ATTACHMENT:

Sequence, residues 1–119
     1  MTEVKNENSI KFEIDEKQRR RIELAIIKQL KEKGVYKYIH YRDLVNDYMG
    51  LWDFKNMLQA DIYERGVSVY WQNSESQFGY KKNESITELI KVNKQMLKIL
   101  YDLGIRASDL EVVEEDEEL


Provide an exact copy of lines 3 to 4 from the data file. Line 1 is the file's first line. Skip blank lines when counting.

    51  LWDFKNMLQA DIYERGVSVY WQNSESQFGY KKNESITELI KVNKQMLKIL
   101  YDLGIRASDL EVVEEDEEL